For Letter K, my choice is Hellen Keller
A Brief Biographical Timeline
1880: On June 27, Helen Keller is born in Tuscumbia, Alabama.
1882: Following a bout of illness, Helen loses her sight and hearing.
1887: Helen’s parents hire Anne Sullivan, a graduate of the Perkins School for the Blind, to be Helen’s tutor. Anne begins by teaching Helen that objects have names and that she can use her fingers to spell them. Over time, Helen learns to communicate via sign language, to read and write in Braille, to touch-lip read, and to speak.
1900: After attending schools in Boston and New York, Helen matriculates at Radcliffe College.
1903: Helen’s first book, an autobiography called The Story of My Life, is published.
1904: Helen graduates cum laude from Radcliffe, becoming the first deafblind person to earn a Bachelor of Arts degree.
1915: Helen, already a vocal advocate for people with disabilities, co-founds the American Foundation for Overseas Blind to support World War I veterans blinded in combat. This organization later becomes Helen Keller International and expands its mission to address the causes and consequences of blindness, malnutrition, and poor health.
1920: Helen helps found the American Civil Liberties Union (ACLU).
1924: Helen joins the American Foundation for the Blind. She serves as a spokesperson and ambassador for the foundation until her death.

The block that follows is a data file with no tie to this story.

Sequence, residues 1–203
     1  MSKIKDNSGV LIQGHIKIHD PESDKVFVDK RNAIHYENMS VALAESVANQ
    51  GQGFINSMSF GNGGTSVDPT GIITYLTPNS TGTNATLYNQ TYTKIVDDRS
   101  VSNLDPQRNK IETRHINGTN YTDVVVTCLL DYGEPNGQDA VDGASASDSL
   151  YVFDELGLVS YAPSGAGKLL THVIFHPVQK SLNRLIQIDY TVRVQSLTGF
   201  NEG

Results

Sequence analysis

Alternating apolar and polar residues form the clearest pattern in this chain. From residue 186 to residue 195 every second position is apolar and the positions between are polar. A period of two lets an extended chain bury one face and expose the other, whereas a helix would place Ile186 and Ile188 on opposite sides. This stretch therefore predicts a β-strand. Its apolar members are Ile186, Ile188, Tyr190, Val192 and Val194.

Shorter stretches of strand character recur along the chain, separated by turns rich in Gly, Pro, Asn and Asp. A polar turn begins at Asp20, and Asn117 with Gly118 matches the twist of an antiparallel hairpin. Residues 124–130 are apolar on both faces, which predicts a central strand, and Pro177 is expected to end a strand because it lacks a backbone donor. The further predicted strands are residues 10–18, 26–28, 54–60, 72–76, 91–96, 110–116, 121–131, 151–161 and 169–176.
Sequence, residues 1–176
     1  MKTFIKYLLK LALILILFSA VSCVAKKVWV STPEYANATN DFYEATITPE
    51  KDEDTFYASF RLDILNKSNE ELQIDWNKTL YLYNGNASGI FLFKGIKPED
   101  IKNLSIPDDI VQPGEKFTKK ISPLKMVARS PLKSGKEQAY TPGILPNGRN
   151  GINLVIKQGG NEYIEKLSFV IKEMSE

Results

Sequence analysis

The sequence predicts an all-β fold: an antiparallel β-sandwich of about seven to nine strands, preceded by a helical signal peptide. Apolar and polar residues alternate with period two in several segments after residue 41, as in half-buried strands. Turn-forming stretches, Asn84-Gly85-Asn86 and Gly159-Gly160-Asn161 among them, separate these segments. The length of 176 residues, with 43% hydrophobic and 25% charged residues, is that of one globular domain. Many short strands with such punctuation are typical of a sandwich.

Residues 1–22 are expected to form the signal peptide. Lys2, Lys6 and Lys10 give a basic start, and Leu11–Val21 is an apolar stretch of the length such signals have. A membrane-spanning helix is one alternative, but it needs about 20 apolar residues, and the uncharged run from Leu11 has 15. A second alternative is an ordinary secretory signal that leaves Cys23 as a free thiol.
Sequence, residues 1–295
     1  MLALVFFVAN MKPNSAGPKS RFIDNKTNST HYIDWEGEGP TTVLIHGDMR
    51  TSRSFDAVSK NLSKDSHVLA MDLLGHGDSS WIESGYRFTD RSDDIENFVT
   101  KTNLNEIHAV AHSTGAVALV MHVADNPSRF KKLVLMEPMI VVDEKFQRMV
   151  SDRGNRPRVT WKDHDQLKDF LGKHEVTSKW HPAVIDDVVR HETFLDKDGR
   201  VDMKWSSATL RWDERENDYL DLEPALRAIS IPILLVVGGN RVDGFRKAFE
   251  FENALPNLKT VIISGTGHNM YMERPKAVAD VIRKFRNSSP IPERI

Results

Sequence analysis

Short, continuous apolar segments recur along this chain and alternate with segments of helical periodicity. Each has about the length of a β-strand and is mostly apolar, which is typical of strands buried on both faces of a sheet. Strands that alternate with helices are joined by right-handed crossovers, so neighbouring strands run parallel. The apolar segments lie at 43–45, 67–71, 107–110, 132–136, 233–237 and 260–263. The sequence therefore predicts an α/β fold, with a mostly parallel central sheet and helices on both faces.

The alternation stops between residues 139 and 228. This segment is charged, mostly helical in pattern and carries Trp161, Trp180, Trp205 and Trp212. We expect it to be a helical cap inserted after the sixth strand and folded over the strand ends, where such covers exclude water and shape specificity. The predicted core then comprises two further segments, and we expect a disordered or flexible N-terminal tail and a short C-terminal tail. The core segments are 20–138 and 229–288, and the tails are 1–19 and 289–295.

1946: Helen begins touring internationally on behalf of the American Foundation for Overseas Blind (see 1915 above), expanding her advocacy for people with vision impairment. In 11 years, she will visit 35 countries on five continents.
1956: Helen wins an Academy Award for a documentary film about her life.
1961: Helen suffers a stroke and retires from public life.
1964: Helen is awarded the Presidential Medal of Freedom by President Lyndon Johnson.
1968: On June 1, Helen dies peacefully at her home in Connecticut. Her ashes are interred at the National Cathedral in Washington, DC.
Hellen Keller was an inspiring woman who has set a new standard in courage. She developed her own skills and showed by example that it can be done to millions of people around the world. She encouraged people with disabilities to live fuller lives. Her compassion and intelligence combined with her ambition set her apart from the rest.